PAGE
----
Back in Town
I am finally getting settled back into life after my pilgrimage to Disneyworld. Yes, a pilgrimage. You laugh, but I am half serious. You see, my favorite part of Disneyworld is EPCOT Center. Yeah, that’s the park everyone else hates. But I love it because it’s one of the places where I fell in love with science and technology. It’s the place where I decided, in the 7th grade, to study biological engineering in college.
It all began at The Land Pavilion, which most people consider the most boring part of the most boring park in Disney. For me, it was a land of limitless possibilities. In the Land Pavilion labs, they experiment with environmentally friendly biological systems, including sustainable agriculture, hydroponics and aeroponics, integrated pest management, biotechnology, and aquaculture. I'm getting excited just saying those words. At the back of the lab, there were a couple of experiments in particular that caught my attention. A Disney-USDA-NASA partnership was exloring options for life support systems in space. They were growing plants in lunar and martian simulated soil and in low gravity environments. I thought, "I don't know what this is called, but this is what I want to do!"
At that time, there were only a handful of colleges offering biological engineering as a degree option. And there were only a handful more by the time I reached college. I chose LSU.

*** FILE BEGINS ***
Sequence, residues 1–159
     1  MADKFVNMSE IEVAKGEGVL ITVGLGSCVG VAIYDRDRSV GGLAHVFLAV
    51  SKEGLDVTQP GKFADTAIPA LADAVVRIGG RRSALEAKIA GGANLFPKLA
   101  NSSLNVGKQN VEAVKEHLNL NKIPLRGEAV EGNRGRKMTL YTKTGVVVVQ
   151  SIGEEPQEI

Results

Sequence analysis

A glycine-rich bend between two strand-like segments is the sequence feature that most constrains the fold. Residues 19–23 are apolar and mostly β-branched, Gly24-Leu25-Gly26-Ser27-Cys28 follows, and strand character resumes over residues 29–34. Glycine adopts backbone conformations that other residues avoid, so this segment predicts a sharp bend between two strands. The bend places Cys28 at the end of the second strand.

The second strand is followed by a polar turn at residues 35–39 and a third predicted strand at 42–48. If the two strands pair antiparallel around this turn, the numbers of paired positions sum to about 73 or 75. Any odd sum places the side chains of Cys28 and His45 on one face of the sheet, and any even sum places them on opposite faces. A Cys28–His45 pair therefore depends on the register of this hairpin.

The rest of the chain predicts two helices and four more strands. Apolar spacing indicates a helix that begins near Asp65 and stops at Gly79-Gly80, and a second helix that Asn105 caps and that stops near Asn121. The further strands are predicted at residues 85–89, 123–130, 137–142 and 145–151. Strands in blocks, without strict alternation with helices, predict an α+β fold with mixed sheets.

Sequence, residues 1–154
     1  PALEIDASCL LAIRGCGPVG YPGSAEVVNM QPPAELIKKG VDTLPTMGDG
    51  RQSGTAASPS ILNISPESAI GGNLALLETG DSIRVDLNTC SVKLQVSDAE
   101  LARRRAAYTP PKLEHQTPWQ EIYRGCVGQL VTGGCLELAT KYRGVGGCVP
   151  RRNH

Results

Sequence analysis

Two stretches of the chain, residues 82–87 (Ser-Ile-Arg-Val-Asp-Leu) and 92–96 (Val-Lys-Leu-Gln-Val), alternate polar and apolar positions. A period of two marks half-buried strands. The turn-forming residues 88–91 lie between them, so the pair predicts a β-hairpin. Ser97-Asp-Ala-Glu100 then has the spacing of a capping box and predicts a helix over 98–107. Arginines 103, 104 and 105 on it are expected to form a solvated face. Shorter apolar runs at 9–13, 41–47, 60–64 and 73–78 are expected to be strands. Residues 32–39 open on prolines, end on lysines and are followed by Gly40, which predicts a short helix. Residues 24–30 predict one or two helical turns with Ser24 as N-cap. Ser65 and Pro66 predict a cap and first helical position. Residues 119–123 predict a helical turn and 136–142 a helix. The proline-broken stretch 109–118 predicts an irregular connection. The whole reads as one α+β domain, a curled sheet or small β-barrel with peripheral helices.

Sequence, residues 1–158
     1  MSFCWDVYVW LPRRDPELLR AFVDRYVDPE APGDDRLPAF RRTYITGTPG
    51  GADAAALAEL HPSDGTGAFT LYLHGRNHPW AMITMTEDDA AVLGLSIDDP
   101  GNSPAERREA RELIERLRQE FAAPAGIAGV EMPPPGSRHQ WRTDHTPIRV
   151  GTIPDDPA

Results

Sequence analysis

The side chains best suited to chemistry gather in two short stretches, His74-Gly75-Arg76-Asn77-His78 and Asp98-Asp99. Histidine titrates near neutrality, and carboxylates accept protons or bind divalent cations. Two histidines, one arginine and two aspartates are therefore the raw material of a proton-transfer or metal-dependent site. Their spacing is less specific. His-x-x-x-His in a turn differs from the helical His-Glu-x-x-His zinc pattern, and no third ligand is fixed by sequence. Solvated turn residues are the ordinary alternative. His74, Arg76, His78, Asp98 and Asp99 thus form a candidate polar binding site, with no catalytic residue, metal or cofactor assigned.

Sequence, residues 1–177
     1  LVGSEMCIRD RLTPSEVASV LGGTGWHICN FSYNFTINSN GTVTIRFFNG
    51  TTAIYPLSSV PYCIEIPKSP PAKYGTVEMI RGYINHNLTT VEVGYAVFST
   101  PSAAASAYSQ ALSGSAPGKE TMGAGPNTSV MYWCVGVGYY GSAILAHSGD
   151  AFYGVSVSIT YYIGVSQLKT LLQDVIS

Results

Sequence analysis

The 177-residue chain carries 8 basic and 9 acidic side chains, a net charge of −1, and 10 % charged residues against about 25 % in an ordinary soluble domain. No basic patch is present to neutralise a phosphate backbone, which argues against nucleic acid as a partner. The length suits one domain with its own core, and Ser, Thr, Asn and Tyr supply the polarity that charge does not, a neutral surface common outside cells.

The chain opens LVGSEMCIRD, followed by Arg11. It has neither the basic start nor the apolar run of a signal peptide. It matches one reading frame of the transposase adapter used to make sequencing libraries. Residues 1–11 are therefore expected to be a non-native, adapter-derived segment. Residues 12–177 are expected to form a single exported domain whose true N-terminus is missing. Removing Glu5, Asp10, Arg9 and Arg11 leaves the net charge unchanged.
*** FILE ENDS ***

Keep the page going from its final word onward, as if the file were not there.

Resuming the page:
Although I am no longer drawing my paycheck by doing that stuff, I still love it. And it’s part of the path that God led me down to get me to where I am and what I am doing today.
What does this post have to do with discipleship? Nothing, really. Except that we should expect the unexpected in our lives. We try so hard to lay out a path of spiritual growth for people that is linear and predictable. But God rarely works like that.
I think we try a lot of times to give people directions. Go to this class then that class and then plug into that small group then lead this ministry...
I don't know that directions help on these curvy paths God sets before us. Instead of trying to straighten out the path and artificially plant road signs, we need to understand the importance of relationship. What people really need in their discipleship journey is a guide. A friend that can go along the journey with them